For more info or to order your own Sand CDM, email Kirk Sand or give him a call at 949-497-5570. 

Monday, August 12, 2013

Installing the preamp and wiring

Kirk and I decided that the lower bout was a good place for the input jack. Looks like "X" marks the spot . . .

Is it too late to change my mind?

Now, on to the Prismatone preamp, which is installed onto the access panel on the back. The preamp doesn't touch the guitar top or inhibit the vibration of the soundboard.

The battery is accessed through the panel as well- no more fiddling around through the soundhole to change a battery!

Kirk says "I love this battery setup! Click the photos quickly, and you'll get a stop-action movie." It's pretty cool, so I decided to make a .gif of the photos. Enjoy!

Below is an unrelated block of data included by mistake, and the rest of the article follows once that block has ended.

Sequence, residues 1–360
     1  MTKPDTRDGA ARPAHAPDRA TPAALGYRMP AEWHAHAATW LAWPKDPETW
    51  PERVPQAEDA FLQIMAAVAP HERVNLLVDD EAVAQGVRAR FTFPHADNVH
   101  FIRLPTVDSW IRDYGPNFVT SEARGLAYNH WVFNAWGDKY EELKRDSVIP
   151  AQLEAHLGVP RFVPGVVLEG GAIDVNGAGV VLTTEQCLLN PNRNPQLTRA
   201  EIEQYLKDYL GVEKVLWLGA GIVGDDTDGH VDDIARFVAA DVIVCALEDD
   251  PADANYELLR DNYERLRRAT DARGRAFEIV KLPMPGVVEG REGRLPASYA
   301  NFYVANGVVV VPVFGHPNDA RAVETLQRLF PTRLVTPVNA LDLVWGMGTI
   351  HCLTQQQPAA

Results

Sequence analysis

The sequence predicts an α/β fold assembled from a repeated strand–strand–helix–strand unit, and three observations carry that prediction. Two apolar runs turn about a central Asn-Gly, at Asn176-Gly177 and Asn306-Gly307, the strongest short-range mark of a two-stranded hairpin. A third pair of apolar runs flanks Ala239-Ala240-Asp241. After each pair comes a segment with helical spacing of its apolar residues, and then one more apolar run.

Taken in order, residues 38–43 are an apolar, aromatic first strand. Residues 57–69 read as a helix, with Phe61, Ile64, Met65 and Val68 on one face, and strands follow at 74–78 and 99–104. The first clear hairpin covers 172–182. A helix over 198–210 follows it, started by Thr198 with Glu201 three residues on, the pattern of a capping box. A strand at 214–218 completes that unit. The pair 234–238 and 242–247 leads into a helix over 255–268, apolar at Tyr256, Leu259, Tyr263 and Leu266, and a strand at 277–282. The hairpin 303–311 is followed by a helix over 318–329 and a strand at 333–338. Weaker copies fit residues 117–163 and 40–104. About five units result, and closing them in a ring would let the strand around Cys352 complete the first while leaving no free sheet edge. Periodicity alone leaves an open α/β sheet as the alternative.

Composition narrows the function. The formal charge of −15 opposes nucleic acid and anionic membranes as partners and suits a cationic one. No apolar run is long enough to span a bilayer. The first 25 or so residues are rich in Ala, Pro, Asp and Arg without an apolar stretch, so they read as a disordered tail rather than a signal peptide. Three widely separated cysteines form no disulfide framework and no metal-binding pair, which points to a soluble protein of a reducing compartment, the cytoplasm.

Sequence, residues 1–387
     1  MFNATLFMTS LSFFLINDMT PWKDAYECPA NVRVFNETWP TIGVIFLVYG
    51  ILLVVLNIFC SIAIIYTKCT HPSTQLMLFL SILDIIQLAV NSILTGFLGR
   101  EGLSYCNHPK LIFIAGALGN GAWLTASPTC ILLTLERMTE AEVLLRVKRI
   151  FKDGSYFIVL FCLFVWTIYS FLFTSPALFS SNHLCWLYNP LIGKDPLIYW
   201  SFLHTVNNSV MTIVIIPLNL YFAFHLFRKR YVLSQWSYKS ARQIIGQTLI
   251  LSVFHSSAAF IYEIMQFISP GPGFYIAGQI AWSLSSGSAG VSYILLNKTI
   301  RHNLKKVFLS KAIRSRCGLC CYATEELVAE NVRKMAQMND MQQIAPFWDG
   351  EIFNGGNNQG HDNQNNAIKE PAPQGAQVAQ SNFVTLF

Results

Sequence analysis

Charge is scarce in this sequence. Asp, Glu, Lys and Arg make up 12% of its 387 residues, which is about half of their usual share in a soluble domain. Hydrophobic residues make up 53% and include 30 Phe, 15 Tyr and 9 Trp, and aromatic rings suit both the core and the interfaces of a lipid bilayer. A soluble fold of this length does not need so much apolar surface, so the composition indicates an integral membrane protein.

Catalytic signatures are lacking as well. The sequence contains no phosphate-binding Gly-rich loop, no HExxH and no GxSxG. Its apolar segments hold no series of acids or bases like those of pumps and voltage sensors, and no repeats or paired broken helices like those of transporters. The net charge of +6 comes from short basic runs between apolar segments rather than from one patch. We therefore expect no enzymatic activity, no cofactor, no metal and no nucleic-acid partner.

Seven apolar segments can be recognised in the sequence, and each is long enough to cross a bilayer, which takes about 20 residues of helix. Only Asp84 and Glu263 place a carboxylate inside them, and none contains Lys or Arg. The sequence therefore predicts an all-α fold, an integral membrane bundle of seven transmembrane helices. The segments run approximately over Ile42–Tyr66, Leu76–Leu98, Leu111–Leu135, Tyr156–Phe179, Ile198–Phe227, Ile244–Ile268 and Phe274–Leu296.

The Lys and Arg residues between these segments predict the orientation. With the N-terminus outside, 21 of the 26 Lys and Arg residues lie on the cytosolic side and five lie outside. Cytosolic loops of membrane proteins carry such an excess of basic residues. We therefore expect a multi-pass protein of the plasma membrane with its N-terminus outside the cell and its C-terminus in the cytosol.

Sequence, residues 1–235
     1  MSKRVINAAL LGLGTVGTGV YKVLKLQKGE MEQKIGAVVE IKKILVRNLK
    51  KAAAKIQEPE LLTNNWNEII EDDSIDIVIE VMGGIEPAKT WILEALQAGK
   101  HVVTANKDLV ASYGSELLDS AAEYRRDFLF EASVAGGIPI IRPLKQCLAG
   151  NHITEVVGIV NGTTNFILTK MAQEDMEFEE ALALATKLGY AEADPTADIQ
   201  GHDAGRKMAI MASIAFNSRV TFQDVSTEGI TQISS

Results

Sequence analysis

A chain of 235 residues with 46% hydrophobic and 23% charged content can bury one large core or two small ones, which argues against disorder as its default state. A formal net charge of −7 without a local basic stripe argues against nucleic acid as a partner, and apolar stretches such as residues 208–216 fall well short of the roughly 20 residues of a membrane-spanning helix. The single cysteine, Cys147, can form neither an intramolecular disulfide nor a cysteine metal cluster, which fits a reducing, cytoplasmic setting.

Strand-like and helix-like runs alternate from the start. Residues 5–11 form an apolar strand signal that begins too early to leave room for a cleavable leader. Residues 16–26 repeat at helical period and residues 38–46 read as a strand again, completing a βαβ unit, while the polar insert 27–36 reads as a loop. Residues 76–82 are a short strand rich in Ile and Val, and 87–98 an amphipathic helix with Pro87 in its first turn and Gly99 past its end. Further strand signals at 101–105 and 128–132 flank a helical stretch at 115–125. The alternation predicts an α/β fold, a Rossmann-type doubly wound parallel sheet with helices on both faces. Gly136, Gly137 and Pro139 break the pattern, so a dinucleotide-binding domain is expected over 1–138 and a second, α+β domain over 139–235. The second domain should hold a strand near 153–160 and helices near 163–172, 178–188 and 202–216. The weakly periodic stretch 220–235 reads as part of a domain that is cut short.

After connecting everything, Kirk sent me this photo of the finished guitar, front . . .

. . . and back. Beautiful!

Next time- final thoughts, sound clips, more photos, and how to order your own Craig Dobbins Signature Model!


P.S. If you can't wait, go ahead and email Kirk Sand or give him a call at 949-497-5570. 

Wednesday, July 31, 2013

Last few construction photos

One afternoon I received this very excited email from Kirk Sand: "I just strung it up, and it sounds great! Right away! I can't wait to get the electronics in it!"

Here are a few more photos he sent that day. First, installing the Prismatone pickup . . .

A perfect fit! Kirk fashioned the bridge to receive the Prismatone without the need for intonation adjustment screws.

Now, stringing it up . . .

Beautiful! Kirk used D'Addario ProArte Extra Hard strings, with a Savarez Alliance 3rd string.

Here's a closeup of the bridge/pickup area.

And a view through the access panel.

Looking good!

Now, deciding on the input jack location. Endpin or side?

Next time- installing the preamp and wiring!


Sunday, July 21, 2013

Gluing the bridge